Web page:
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Preoperative Y-90 microsphere selective internal radiation treatment for tumor downsizing and future liver remnant recruitment: a novel approach to improving the safety of major hepatic resections.

Gulec SA, Pennington K, Hall M, Fong Y - World J Surg Oncol (2009)

Bottom Line: The tumor was found to be significantly decreased in size with central and peripheral scarring.We present this case report to suggest that the portal vein radiation dose can be substantially increased with the intent of inducing portal/periportal fibrosis.Such a therapeutic manipulation in lobar Y-90 microsphere treatment could accomplish the end points of PVE with avoidance of the concern regarding tumor progression.

View Article: PubMed Central - HTML - PubMed

Affiliation: Center for Cancer Care at Goshen Health System, Goshen, IN, USA. sgulec@fiu.edu

ABSTRACT

Background: Extended liver resections are being performed more liberally than ever. The extent of resection of liver metastases, however, is restricted by the volume of the future liver remnant (FLR). An intervention that would both accomplish tumor control and induce compensatory hypertrophy, with good patient tolerability, could improve clinical outcomes.

Case presentation: A 53-year-old woman with a history of cervical cancer presented with a large liver mass. Subsequent biopsy indicated poorly differentiated carcinoma with necrosis suggestive of squamous cell origin. A decision was made to proceed with pre-operative chemotherapy and Y-90 microsphere SIRT with the intent to obtain systemic control over the disease, downsize the hepatic lesion, and improve the FLR. A surgical exploration was performed six months after the first SIRT (three months after the second). There was no extrahepatic disease. The tumor was found to be significantly decreased in size with central and peripheral scarring. The left lobe was satisfactorily hypertrophied. A formal right hepatic lobectomy was performed with macroscopic negative margins.

Conclusion: Selective internal radiation treatment (SIRT) with yttrium-90 (Y-90) microspheres has emerged as an effective liver-directed therapy with a favorable therapeutic ratio. We present this case report to suggest that the portal vein radiation dose can be substantially increased with the intent of inducing portal/periportal fibrosis. Such a therapeutic manipulation in lobar Y-90 microsphere treatment could accomplish the end points of PVE with avoidance of the concern regarding tumor progression.

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Related in: MedlinePlus

Graph analysis of left and right hepatic lobe volumes during the course of the treatment. Note the progressive increase in left lobe volume with concurrent decrease in the right lobe volume.
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Related In: Results  -  Collection

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Figure 3: Graph analysis of left and right hepatic lobe volumes during the course of the treatment. Note the progressive increase in left lobe volume with concurrent decrease in the right lobe volume.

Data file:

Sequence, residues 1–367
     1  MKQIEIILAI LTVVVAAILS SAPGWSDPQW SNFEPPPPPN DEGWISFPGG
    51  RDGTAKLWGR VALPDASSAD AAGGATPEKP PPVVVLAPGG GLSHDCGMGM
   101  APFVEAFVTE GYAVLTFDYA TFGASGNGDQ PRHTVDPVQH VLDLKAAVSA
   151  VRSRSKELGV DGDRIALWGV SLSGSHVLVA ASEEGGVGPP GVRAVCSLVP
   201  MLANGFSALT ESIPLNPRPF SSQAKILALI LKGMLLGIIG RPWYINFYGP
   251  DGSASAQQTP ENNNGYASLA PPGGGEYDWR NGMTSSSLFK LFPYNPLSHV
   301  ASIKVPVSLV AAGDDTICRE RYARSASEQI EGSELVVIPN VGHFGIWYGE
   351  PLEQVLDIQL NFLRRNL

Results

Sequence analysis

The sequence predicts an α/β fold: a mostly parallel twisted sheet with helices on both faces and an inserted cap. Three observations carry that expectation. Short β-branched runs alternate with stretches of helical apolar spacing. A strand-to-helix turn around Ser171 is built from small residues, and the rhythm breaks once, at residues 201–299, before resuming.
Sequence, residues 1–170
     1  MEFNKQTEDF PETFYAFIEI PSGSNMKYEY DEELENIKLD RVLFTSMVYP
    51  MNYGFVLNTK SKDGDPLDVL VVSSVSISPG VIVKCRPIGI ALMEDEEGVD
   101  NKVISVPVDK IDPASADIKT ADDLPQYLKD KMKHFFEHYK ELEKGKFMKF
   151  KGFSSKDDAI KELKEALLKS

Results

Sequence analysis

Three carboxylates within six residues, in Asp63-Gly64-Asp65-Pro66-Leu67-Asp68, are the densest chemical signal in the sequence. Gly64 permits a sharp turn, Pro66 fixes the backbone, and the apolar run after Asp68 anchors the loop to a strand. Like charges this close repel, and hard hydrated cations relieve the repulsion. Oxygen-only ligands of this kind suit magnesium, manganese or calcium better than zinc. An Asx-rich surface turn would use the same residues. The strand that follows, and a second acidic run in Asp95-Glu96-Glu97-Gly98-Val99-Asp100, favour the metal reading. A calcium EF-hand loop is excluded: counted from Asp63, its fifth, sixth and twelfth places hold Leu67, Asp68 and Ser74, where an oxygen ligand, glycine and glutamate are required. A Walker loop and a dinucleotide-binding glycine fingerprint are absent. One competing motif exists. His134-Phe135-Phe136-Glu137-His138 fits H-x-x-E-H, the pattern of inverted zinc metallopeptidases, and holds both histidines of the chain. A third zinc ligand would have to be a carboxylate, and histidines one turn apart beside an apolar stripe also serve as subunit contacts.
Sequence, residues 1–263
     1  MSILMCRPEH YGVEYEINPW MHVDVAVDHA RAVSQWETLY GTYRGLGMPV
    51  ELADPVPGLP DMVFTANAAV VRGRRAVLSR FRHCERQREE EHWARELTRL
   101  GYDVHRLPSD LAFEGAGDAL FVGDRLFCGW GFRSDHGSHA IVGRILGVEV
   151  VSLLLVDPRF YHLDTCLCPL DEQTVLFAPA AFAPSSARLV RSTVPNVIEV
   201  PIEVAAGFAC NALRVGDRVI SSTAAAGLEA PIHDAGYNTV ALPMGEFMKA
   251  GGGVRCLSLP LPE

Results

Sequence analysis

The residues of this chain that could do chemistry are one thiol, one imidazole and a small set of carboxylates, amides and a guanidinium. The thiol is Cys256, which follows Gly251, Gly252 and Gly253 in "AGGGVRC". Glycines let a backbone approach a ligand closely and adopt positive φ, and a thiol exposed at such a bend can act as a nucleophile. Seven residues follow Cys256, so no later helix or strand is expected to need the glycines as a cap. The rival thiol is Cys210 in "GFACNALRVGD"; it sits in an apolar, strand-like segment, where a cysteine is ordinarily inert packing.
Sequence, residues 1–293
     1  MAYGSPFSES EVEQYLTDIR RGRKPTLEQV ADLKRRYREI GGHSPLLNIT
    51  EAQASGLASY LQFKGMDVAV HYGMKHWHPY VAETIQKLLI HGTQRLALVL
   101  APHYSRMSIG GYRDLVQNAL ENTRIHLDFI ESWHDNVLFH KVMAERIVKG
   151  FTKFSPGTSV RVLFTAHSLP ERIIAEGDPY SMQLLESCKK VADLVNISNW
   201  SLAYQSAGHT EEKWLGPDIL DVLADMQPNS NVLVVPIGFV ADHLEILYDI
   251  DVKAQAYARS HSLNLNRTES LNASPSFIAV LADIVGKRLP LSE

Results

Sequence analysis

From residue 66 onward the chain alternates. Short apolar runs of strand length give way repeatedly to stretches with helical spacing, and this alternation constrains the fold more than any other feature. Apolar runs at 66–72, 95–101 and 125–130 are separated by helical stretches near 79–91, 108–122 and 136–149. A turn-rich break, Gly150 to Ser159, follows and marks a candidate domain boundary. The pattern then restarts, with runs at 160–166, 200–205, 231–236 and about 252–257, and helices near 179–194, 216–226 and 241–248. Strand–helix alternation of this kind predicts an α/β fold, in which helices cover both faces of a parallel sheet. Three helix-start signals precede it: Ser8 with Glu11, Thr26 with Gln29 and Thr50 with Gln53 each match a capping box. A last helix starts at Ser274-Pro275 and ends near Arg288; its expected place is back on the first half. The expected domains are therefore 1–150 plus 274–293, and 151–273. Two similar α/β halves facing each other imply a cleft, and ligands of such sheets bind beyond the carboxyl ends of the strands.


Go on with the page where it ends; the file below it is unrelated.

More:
Mentions: A 53-year-old woman with a history of cervical cancer presented with a large liver mass. Subsequent biopsy indicated poorly differentiated carcinoma with necrosis suggestive of squamous cell origin. Six years earlier, this patient had been diagnosed with locally advanced cervical cancer. At that time, she received chemoradiation and achieved a complete clinical response with no detectable residual tumor at the completion of treatment. The current imaging assessment with fluorodeoxyglucose (FDG) positron emission tomography (PET)/computed tomography (CT) indicated a large necrotic tumor occupying the greater part of the right lobe (Figure 1a). This patient was thought to be a reasonable candidate for surgical resection based on her relatively long disease-free interval and the absence of any locoregional recurrence or detectable extrahepatic disease. A decision was made to proceed with pre-operative chemotherapy and Y-90 microsphere SIRT with the intent to obtain systemic control over the disease, downsize the hepatic lesion, and improve the FLR. Hepatic angiography demonstrated that the right hepatic artery (arising from the celiac axis and supplying segments 4–8) provided the entirety of the liver mass. The gastroduodenal and right gastric arteries were coil embolized to prevent gastrointestinal (GI) reflux during microsphere administration. Hepatic arterial technetium 99 m (99 mTC) macroaggregated albumin (MAA) liver scan confirmed the absence of extrahepatic GI and pulmonary uptake. Next, medical internal radiation dosimetry (MIRD) was used to determine projected tumor and liver absorbed doses. Y-90 resin microspheres (SIR-Spheres, (SIRTeX Medical Limited, North Ryde, Australia) were administered to the right hepatic lobe 24 hours after initiation of systemic chemotherapy with 5-fluorouracil (5-FU)-leucovorin-oxaliplatin (FOLFOX-6). Microspheres were instilled directly into the right hepatic artery via a 3 french microcatheter. A maximum safe administered dose was given (2.7 GBq, determined per fluoroscopic criteria) with estimated tumor and liver absorbed doses of 90 Gy and 30 Gy, respectively. The treatment was well tolerated with no untoward effects. A 4-week post-treatment FDG-PET/CT scan demonstrated a complete metabolic response, and a 25% decrease in anatomic volume (Figure 1b, 2). Liver function tests remained normal except for a mild elevation in alkaline phosphatase level. The patient's physical performance status showed remarkable improvement over the next 3 months, and serial PET/CT imaging studies indicated further decrease in anatomic volume (Figure 2). Metabolic status of the tumor remained depressed (Figure 2). The left lobe volume showed progressive increase (Figure 3). The patient continued systemic chemotherapy for a total of 4 courses with no significant toxicity noted. At 3-month follow-up evaluation, based on a favorable tumor response, the patient's improved performance status, and the absence of any evidence of extrahepatic disease progression, a decision for a second course of SIRT (without chemotherapy) was made. A second maximum safe administered dose of Y-90 resin microspheres was given (1.3 GBq, determined per fluoroscopic criteria) in the right hepatic lobe with estimated tumor and liver absorbed doses of 80 Gy and 25 Gy, respectively. This second course was also well tolerated, with no early or late complications. Three months after the second SIRT, tumor anatomic volume decreased to 10% of the pretreatment size (Figures 1c, 2). No increase in metabolic activity was observed. Left liver lobe volume showed 2.7 times increase from the pretreatment value (Figures 1c, 3). Liver function tests remained normal. A transient increase in splenic volume was observed during the follow-up; however, no significant volume difference was noted between the pre-SIRT and 3-month post-SIRT splenic volumes.